Experiencing life in a Caucasian family and embracing my Korean roots is an experience often misunderstood. Adoption has influenced my entire life. It is a central part of how my life has become what it is. I strive to build awareness about this and to facilitate healing for those impacted by important real topics such as inequality, bullying and trauma. When I was growing up, I experienced racism, but I felt Caucasian since everyone around me was and I didn’t identify with Korean culture. This identity confusion influenced decisions about my work too. I was trapped by the ideals of The American Dream and thought it was too abnormal to follow my intuition. I wanted to be normal, not different…with a normal life, a normal family, a normal job and so on.

I realized the only way to live fully is be authentic about who I am. Normal is just a word! There is a very idealized conditioned notion of “normal,” and this unrealistic notion often sets us up for continuous disappointment. We are all unique. That is our gift to the world. Hiding uniqueness doesn’t serve the world. After years of listening to the world tell me I was wrong for being me — too Asian, not Asian enough, too quiet, too loud, too much this, not enough that — I dumped that external noise in favor of listening to myself and embracing exactly who I am. It is a freedom I wish for everyone. I am happy to share this through my work and activism interests.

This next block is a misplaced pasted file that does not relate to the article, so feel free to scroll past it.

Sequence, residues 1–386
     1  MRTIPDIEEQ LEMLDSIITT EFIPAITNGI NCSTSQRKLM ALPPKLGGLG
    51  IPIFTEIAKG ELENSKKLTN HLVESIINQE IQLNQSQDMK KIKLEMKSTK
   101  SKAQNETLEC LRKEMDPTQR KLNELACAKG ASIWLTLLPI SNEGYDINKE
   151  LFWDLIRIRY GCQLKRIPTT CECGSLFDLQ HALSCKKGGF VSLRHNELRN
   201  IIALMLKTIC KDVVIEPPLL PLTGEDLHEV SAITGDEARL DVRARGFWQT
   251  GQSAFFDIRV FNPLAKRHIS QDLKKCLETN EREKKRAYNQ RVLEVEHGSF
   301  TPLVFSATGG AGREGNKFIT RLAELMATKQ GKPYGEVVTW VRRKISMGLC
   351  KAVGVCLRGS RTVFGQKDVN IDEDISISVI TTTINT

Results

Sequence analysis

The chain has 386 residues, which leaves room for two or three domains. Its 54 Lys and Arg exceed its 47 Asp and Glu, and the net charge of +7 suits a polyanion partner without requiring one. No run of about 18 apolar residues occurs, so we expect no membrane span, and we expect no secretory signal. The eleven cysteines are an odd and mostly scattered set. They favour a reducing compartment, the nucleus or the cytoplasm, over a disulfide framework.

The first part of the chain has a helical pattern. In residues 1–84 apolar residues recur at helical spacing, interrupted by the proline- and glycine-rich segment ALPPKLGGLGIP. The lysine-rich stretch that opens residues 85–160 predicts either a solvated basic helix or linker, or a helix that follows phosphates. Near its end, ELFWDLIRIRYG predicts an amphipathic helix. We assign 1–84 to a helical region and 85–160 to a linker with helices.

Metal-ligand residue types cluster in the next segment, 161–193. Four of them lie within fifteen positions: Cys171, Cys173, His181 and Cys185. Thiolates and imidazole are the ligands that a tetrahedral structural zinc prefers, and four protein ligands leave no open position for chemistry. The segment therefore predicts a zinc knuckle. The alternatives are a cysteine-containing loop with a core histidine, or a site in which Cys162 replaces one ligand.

Please tell us more about your work, what you are currently focused on and most proud of.
I’m focused on helping those who want a more fulfilled life and are ready to overcome challenges and make changes to achieve it. I’m also focused on spending more time in Korea this year and sharing insights from these global experiences through my blog. I am a coach, educator and healer. I work with individuals and groups in-person and online/virtually. It blends every career I’ve had, most prominently my interests in connection and cultivating peace and positivity. I have a special interest in empowering anyone who feels stuck, unworthy or confused. I empower you to break through these as I have, sharing with you what has worked for me. I facilitate workshops for adoptee youth and workshops for the general public about self-love and mindfulness. I know we can all understand each other better when we have a greater awareness. I’m proud and humbled to make a contribution to the world in this way. 

Looking back on your childhood, what experiences do you feel played an important role in shaping the person you grew up to be?
Because I often felt like I didn’t fit in completely anywhere, in the US or in Korea, it instilled in me a deep compassion for others. These experiences taught me I can belong anywhere and everywhere I choose. As a child, I wanted others to walk in my shoes to understand how I felt, so I started imagining walking in others’ shoes. “Everyone you meet is fighting a battle you know nothing about. Be kind,” are great words to live by.

Who we are is not defined by what has happened to us, our past, or other people’s opinions. Who we are is who we choose to be despite these things. Anything is possible. Listen to yourself and have the courage to step forward into the unknown even when it is foreign, uncomfortable and difficult. It will make you strong and resilient. This I know for certain.